It is therefore on the premise of the large disease burden in sub-Saharan Africa particularly Nigeria; coupled with limitations of existing studies that this study sort to determine  how retention rates varied over time while also determining barriers and facilitators of retention in HIV care in Nigeria.

1.3 Objective of the Study

The specific objectives are to:

  1. determine the percentage of HIV-infected adults that are continuously retained in care after 36 months of initiating antiretroviral treatment;
  2. identify barriers to retention in care among HIV infected adults on antiretroviral treatment and
  3. identify facilitators of retention in care among HIV infected adults on antiretroviral treatment

1.4 Research Questions

Research questions that guided this study were the following:

  1. What percentage of HIV-infected adults is continuously retained in care after 36 months of initiating antiretroviral treatment?
  2. What are the barriers to retention in care among HIV infected adults on antiretroviral treatment?
  3. What are the facilitators of retention in care among HIV infected adults on antiretroviral treatment?

1.5 Justification for Study

Sub-optimal retention in HIV care has deleterious effects both from the individual and public health perspective. Poor retention in HIV care has been linked with poor medication adherence, development of antiretroviral drug resistance and an increased risk of death from Acquired Immunodeficiency Syndrome (AIDS) – the hallmark of HIV infection characterized by severe, debilitating and life-threatening opportunistic infections. From a public health standpoint, interventions to promote retention in HIV care are needed in order to reduce the transmission and incidence of new HIV infections within communities; reduce the burden placed on an already weak healthcare system as well as reduce healthcare costs associated with HIV treatment, prevention and control.  HIV-infected persons who are poorly retained in care typically have higher viral loads and are significantly more likely to transmit the virus to others. In high burden settings like Nigeria, there is therefore an important need to employ health promotion strategies that promote health literacy through health education both for infected individuals and the communities they reside in.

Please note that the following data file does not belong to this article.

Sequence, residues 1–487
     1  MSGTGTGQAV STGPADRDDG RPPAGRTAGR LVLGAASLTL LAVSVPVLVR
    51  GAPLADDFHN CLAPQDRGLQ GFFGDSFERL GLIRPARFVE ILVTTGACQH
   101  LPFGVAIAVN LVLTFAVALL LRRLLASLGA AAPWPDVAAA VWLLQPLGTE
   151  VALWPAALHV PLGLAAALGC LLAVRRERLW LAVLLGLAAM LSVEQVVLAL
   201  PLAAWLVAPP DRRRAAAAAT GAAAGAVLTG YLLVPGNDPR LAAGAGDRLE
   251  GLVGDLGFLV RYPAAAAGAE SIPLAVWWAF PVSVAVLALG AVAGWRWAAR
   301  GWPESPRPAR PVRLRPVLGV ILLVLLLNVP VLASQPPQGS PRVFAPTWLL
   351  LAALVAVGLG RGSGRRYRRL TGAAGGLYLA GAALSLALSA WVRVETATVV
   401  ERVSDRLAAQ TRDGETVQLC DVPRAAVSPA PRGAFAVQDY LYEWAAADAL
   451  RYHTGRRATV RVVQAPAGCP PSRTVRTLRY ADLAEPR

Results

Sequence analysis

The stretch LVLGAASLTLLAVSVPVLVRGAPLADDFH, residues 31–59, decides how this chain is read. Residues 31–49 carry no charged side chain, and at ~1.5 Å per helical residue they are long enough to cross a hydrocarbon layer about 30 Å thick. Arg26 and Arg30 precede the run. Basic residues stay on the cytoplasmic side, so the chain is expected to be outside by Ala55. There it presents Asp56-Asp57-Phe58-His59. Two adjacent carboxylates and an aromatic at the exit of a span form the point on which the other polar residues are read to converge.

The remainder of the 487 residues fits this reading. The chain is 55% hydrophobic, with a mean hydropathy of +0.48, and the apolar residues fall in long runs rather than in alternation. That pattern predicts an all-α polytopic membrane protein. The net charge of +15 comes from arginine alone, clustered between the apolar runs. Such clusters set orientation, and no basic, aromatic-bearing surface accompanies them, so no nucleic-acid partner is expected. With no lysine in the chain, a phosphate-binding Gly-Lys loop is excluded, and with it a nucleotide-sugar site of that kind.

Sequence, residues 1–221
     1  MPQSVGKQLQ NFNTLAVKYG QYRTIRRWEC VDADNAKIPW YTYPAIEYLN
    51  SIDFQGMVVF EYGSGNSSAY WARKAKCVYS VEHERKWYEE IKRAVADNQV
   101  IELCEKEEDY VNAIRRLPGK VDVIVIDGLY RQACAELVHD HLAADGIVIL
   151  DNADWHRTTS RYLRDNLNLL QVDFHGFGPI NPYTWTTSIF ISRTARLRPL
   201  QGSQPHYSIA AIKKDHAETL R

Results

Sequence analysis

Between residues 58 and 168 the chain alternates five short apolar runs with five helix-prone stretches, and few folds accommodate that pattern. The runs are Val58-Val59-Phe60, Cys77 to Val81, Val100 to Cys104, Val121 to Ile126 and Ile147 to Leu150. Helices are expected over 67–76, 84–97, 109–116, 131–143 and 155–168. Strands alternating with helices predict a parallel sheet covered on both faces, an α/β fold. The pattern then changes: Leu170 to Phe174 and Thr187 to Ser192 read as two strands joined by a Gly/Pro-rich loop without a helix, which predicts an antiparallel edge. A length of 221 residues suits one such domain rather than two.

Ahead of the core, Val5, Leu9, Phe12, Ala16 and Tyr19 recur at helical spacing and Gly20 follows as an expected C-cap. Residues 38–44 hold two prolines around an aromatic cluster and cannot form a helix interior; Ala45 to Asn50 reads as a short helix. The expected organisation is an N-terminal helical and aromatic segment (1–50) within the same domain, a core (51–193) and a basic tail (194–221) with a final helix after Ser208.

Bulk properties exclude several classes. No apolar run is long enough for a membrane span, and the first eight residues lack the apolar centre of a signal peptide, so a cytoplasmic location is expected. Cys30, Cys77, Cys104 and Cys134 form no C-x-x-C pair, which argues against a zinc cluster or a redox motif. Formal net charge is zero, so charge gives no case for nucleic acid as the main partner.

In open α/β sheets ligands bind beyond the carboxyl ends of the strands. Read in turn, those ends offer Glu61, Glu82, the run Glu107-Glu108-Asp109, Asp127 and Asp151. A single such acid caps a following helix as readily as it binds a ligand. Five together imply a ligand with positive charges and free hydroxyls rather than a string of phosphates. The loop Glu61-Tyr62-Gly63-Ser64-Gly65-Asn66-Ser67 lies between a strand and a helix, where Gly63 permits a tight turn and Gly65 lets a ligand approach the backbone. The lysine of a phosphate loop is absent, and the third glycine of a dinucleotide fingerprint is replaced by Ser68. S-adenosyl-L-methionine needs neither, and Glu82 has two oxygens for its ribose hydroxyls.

This study is unique as it is one of a few studies conducted in Nigeria to estimate retention rates longitudinally, over a 36-month period thus, providing a more accurate estimate of retention among HIV-infected persons on antiretroviral treatment. Furthermore, this study conceptualized using the socio-ecological model also elicited barriers and facilitators of optimal retention in HIV care in Nigeria. The results of this study contribute new knowledge that will act as a roadmap guiding the design and implementation of effective interventions to improve retention in HIV care in Nigeria.

1.6 Operational Definition of Terms

Antiretroviral Treatment (ART): is a combination of at least 3 potent antiretroviral medications used in the lifelong management of HIV

HIV Continuum of Care: is a framework that describes the various steps that persons living with HIV must proceed through in order to achieve virologic suppression namely diagnosis, linkage to HIV care and ART eligibility assessment, initiation and maintenance of ART and the achievement of viral suppression.

Virologic Suppression: is the suppression of HIV viral load to levels below 1,000 viral copies per millilitre (ml) of blood due to inhibition of replication by antiretroviral medications.

Retention in HIV Care: the continuous and uninterrupted receipt of comprehensive HIV care and treatment services following successful linkage to care; operationalized in this study, as ‘4-month hospital visit constancy’ or the ‘number of 4-month intervals with at least 1 clinic visit’.

HIV Treatment Naive: refers to HIV-positive persons who have never been initiated on or taken any antiretroviral medications for HIV.

HIV Treatment Experienced: refers to HIV-positive persons who have been initiated on antiretroviral medications at any time since they were diagnosed with HIV.